But the thing that Norman deeply loves about the program is that it deepens the personal connection between coaches, staff, and players.


"Man, the true heart of what we do is just to serve the players and build relationships with them," said Norman. "That pays bigger dividends than anything else because if you don't have that, then the programming is a moot point. The fact that we love them, that we care for them, that we're serving their hearts and not their talent. That engages them and excites them to be part of this program."


It's the kind of program that Dockins gets excited about. Like so many athletes, he hopes to one day play at the professional level. But he's also savvy enough to understand that no matter how his career turns out, he needs to be prepared for life off the field.


"I've always tried to work hard, be a good student, and be kind to everybody," said Dockins. "And when it comes to life outside football, I think I might like to have a car dealership down the road. So, when I hear about all these things they're doing, it just fits with who I am and want to be."


For Dockins, his passion on the field includes a willingness to work hard and play whatever role the Sooner coaches ask him to play.


"Coach Gundy talked to me about playing receiver," said Dockins. "But the defensive coaches have also talked to me about playing on that side of the ball, too."


And when it comes to his life off the field, Dockins says taking advantage of the SOUL Mission program will be something that helps him there as well.


"When you go to college, you have to take responsibilities to be on your own," said Dockins. "It's not like having your parents there to guide you. You just got to be a man and make the right decisions in life."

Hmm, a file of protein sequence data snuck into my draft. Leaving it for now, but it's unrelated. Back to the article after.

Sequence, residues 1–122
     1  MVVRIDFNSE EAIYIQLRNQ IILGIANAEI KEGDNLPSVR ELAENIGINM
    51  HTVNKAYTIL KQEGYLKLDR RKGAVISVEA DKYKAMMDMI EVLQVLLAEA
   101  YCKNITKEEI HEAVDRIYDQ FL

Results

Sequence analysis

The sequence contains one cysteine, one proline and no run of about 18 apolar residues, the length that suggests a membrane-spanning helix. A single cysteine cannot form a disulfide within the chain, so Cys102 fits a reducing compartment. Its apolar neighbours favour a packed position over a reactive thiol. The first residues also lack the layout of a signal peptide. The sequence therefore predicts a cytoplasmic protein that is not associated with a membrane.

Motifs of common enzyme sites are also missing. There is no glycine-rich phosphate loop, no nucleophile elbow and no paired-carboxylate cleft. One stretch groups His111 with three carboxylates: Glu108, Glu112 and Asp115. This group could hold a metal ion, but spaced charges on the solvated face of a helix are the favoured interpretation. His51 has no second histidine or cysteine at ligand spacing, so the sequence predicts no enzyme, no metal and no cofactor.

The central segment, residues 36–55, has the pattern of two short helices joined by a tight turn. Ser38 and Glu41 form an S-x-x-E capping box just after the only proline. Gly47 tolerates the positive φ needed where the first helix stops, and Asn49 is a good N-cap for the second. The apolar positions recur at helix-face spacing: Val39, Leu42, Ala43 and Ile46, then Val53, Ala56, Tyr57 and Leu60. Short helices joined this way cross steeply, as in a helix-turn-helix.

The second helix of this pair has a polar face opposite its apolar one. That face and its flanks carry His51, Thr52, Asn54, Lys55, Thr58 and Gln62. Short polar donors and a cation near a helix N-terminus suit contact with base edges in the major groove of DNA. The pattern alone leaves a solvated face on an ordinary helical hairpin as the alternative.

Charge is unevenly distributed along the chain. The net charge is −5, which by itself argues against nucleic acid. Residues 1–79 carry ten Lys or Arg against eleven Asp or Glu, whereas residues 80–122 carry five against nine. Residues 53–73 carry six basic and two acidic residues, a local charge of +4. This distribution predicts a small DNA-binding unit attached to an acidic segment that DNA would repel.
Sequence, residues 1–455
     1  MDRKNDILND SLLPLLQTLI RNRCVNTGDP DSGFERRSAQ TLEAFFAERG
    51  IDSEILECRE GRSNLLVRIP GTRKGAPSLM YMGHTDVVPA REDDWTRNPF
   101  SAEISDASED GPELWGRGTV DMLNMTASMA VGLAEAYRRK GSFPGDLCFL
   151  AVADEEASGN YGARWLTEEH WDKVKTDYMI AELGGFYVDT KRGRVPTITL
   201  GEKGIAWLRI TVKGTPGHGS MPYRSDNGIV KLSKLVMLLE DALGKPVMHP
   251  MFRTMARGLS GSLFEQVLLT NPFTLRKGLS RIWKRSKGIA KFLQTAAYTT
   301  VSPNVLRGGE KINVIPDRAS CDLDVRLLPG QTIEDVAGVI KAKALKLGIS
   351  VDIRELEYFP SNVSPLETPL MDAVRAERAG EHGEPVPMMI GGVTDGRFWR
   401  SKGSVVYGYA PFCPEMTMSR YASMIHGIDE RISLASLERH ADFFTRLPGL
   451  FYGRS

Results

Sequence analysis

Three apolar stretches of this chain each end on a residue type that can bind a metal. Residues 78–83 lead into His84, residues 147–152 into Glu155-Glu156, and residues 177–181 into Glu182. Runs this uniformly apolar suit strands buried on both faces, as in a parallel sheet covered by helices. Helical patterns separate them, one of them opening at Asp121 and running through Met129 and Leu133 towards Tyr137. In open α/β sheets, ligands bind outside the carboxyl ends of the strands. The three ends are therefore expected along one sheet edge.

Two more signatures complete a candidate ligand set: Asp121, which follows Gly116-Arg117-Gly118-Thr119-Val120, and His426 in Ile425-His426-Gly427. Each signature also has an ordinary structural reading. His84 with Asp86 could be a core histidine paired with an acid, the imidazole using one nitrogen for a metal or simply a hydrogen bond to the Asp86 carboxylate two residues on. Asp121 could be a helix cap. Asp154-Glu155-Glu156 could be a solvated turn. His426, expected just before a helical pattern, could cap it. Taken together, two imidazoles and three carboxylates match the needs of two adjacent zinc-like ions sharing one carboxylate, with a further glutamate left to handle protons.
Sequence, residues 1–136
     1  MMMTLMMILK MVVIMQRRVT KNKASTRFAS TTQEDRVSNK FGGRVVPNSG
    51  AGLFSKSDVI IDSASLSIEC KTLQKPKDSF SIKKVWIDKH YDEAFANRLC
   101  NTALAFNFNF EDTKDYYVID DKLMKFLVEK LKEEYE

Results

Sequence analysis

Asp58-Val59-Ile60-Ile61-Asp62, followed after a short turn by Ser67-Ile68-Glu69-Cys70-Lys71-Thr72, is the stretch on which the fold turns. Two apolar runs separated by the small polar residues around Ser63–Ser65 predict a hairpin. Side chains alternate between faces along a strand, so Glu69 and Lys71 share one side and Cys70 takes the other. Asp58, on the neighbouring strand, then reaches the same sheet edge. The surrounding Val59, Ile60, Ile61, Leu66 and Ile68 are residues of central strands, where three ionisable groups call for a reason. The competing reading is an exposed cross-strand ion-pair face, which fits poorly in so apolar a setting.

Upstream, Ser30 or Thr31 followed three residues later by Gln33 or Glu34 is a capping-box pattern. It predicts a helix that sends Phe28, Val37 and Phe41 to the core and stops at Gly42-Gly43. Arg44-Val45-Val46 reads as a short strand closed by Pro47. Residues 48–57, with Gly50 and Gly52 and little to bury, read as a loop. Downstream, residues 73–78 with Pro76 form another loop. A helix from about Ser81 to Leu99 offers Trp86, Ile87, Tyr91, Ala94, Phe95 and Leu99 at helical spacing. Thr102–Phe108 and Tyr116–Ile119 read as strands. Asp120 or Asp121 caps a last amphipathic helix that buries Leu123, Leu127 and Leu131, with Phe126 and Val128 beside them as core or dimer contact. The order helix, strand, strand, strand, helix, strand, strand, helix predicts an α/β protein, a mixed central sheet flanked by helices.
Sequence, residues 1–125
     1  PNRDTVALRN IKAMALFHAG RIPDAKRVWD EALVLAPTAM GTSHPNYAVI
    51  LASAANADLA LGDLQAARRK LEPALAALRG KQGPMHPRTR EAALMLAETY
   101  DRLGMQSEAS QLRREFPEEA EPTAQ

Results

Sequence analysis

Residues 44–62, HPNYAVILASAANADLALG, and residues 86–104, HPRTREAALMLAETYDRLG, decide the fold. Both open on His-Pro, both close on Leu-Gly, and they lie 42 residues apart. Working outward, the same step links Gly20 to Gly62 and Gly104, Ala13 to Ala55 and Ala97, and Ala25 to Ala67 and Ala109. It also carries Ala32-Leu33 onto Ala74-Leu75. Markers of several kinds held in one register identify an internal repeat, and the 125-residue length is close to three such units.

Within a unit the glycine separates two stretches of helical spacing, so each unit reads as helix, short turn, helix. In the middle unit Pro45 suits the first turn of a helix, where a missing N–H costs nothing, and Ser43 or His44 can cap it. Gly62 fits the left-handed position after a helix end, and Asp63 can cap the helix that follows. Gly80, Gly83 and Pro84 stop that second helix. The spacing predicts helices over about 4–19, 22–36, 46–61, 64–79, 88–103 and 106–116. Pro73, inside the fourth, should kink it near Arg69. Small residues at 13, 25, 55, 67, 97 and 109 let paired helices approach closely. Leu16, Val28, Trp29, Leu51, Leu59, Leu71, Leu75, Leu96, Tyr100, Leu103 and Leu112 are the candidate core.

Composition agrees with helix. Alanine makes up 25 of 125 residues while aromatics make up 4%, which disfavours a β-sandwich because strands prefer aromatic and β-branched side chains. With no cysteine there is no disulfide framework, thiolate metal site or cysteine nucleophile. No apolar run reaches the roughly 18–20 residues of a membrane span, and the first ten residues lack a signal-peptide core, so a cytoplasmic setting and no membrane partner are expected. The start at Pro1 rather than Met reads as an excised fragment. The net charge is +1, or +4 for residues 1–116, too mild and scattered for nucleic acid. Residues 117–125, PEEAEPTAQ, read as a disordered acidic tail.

Norman says SOUL Mission provides tremendous support to go along with all of the other things you'd expect from a D1 blue blood program like Oklahoma football.


"Of course, we have the head coach, position coaches, strength and conditioning coaches, nutrition staff, and sports medicine staff," said Norman. "All of us are pulling in the same direction, and SOUL Mission is a part of that. I think that's one of the biggest reasons it's working so well as we're building relationships and a trust factor with these guys that encourages them to grow."


The SOUL Mission program is just four months into existence at OU. In that short time, football team members have already been involved in micro-internships with major U.S. companies and service trips, including one in Miami, Florida. With that in mind, Norman says he expects the best is yet to come as the relationships grow.


"Relationships take time," said Norman. "You don't just go in and flip a switch. It's a very comprehensive and organic relational program we're trying to build here."


For Norman, it's a piece of the career puzzle he's been trying to put in place since he began his coaching career.


"This is something I'm extremely passionate about," said Norman. "I think God opened this door for me, and I'm just being faithful to where he has me. I'm trying to be great where my feet are, and I'm grateful that Coach Venables gave me this opportunity."


As Dockins winds down his rehab and prepares to head off to the start of football practice in August, he says he's looking forward to everything OU offers in these areas.


"This really does fit my personality," said Dockins. "It's been great achieving all the accolades and all that in high school. Now I'm ready to take that next step into the future."



Josh Norman describes the five pillars in this way.

 Life Skills Development: it's anything from financial literacy, communication, and etiquette courses, to fitting all our guys with custom suits.

Career and Professional Development: How to build and present your resume and conduct yourself in interviews and micro-internships across the country.

Sooner Service: community engagement and service projects that will offer transformative experiences. They'll take us every from Norman and OKC to places like Miami and even Brazil and South Africa.

Former Player Engagement: just making sure the guys who have played here always feel connected to the program, whether it's coming out to practice, games, or being involved with the different events we do over the course of a year.

Grow U: ties it all together by giving the players tools for everyday life. Things like how to cook a steak, how to change a tire, and how to change a car battery. Different day-to-day skills a lot of folks take for granted.